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Wednesday, September 21, 2011

Wednesday Writer Club: Is freewriting a good idea?

Last week, we discussed the importance of planning (based primarily on the lack of my own).  So we're drastically switching gears this week.

What about when the purpose of the writing is to write without a plan?

In other words, freewriting.

As a former English teacher, I know many of you have probably been scarred by freewriting exercised in class.  That scenario goes something like this:

Teacher: Today we're going to do freewriting!
Student: Groan.
Teacher: Don't worry it will be fun!  We're going to spend five minutes writing about whatever you want!
Student: But I don't know what to write about.
Teacher: That's ok, write about that!
Then the student starts to write with heavy sighs about how there's nothing to write about.
The philosophy in this take on freewriting is that writing of any type increases fluency in the language.  The very act of writing itself (even if it's the same sentence over and over) decreases the fear of the written word.

I'm guilty of various scenarios like the one above, and I don't buy it.

You have to do more than just write anything.  Especially if you're really wanting to sharpen your craft.  But there is a place for freewriting in an author's toolbox.  Freewriting is a way to examine aspects of writing without having to worry about plot, characterization, or pacing.

Here are some ideas for freewriting that may help get you going when you're feeling a bit of fear creeping in or have an encounter with writer's block:

  • Emotions: Write about a person who is angry, sad, happy, etc.  If you practice with a generic person, you'll find it easier to hone in on the details in your "real" writing without having to resort to "She was happy."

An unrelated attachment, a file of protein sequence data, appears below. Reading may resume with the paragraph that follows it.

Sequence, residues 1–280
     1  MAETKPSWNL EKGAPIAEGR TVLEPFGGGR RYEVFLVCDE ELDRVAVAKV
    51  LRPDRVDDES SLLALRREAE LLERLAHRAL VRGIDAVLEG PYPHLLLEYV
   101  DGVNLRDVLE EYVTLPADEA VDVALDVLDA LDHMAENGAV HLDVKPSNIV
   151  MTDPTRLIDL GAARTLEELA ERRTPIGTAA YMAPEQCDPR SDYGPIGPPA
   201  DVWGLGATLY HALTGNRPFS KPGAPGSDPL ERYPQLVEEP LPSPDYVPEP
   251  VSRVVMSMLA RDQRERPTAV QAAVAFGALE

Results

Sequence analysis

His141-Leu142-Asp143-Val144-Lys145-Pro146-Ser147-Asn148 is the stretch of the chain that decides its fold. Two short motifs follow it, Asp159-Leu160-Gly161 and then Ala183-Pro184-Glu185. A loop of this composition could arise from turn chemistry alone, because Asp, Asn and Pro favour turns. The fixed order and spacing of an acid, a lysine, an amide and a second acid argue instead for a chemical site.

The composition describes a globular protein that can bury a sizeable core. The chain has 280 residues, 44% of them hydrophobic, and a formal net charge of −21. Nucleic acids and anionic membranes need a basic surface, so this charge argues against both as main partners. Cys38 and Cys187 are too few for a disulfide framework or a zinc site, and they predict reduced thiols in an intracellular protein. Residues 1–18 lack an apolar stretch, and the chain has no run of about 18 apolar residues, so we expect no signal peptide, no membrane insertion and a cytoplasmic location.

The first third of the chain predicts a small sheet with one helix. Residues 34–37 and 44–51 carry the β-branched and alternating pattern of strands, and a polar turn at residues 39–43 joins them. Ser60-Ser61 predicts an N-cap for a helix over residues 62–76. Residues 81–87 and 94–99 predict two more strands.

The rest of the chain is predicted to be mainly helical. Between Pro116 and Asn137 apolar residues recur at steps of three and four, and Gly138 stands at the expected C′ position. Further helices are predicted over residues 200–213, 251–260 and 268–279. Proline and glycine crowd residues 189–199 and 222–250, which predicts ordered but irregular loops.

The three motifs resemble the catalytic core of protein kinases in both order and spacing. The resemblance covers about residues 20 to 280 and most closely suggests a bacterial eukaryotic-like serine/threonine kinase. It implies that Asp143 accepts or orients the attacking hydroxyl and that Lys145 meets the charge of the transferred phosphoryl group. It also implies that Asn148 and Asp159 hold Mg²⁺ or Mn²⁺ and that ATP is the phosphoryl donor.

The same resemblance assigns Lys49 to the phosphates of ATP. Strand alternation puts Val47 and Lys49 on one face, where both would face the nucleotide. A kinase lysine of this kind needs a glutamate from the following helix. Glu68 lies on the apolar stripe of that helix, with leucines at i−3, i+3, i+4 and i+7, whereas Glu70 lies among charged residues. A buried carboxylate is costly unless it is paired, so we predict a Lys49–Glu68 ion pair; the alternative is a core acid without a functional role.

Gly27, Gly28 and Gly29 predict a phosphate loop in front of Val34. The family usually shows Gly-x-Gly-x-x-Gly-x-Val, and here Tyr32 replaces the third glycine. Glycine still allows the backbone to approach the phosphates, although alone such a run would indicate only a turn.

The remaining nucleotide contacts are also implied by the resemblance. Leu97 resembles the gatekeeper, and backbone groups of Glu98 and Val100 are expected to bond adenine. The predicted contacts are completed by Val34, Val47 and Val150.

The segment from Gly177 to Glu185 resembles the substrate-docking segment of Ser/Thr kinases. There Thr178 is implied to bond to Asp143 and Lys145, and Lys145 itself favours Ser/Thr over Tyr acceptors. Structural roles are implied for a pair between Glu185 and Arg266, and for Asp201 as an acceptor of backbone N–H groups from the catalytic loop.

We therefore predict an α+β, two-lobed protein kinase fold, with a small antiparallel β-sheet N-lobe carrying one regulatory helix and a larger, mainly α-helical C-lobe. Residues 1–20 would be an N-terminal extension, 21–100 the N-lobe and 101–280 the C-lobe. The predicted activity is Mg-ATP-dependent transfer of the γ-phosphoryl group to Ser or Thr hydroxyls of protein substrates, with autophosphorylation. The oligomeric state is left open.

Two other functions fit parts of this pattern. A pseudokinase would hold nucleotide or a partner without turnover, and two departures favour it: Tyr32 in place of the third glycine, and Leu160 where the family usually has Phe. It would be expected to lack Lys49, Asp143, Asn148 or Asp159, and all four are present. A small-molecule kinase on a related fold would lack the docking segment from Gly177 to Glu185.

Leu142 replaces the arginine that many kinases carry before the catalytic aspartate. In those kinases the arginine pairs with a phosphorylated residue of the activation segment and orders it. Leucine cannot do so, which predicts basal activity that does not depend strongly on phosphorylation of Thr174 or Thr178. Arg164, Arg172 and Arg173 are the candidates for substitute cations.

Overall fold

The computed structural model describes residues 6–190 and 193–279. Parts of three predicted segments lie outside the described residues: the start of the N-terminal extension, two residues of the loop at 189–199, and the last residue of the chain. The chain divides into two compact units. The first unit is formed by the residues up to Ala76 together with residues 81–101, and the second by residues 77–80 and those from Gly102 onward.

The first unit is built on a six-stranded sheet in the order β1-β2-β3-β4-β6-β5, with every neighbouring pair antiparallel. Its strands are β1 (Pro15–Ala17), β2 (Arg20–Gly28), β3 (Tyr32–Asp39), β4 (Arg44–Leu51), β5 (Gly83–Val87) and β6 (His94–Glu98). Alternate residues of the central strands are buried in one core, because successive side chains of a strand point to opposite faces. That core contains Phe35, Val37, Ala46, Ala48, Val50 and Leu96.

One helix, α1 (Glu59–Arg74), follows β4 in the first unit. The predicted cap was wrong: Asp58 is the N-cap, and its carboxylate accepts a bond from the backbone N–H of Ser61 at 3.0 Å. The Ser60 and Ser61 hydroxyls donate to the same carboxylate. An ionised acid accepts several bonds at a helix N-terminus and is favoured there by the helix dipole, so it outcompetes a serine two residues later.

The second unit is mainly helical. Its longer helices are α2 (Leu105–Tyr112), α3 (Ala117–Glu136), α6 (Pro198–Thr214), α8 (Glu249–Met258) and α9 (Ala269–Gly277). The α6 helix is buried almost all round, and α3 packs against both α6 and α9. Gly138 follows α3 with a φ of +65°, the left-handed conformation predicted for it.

• Sensory Images: We're pretty good about visual images, but what about the other senses?  When's the last time you had to describe the texture of something?  It can be pretty difficult.  Try using all the senses except for sight to describe something.  
  • Alternate Words: Do you find yourself using the same word to describe something over and over?  Do your characters always say something with chagrin? (I'm looking at you Stephanie Meyer).  Sometimes just listing from your own vocabulary, which will sound more natural than pulling out a thesaurus, can help you stop using the crutch of your favorite words.
What other types of freewriting do you employ?  Is it helpful or does it just fill the space for you?  


Unknown said...

I've always assumed that that free writing assignments in high school were simply an indicator that the teacher hadn't actually created a lesson plan for that day. Thanks for the confirmation!!!

mshatch said...

hmm, alternate you make me wonder if I use the same words to describe things. Oh, dear, another search to be added to my editing process!

Michael Offutt, Phantom Reader said...

I'm not the biggest fan of freewriting.

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